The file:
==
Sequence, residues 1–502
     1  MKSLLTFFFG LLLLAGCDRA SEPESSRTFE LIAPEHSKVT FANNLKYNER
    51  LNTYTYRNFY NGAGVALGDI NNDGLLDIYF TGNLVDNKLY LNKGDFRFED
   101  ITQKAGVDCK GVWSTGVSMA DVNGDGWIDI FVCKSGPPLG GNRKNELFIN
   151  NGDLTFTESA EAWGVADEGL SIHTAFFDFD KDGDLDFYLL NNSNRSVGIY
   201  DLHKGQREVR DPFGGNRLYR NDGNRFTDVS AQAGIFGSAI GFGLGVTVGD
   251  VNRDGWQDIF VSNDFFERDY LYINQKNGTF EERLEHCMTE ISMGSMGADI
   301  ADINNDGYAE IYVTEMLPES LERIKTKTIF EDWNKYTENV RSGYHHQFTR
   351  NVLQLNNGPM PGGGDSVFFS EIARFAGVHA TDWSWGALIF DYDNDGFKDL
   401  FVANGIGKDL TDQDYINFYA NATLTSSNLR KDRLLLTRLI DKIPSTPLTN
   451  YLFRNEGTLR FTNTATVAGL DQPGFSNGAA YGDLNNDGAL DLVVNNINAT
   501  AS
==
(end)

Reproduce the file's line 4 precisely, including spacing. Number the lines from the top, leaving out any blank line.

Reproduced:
   101  ITQKAGVDCK GVWSTGVSMA DVNGDGWIDI FVCKSGPPLG GNRKNELFIN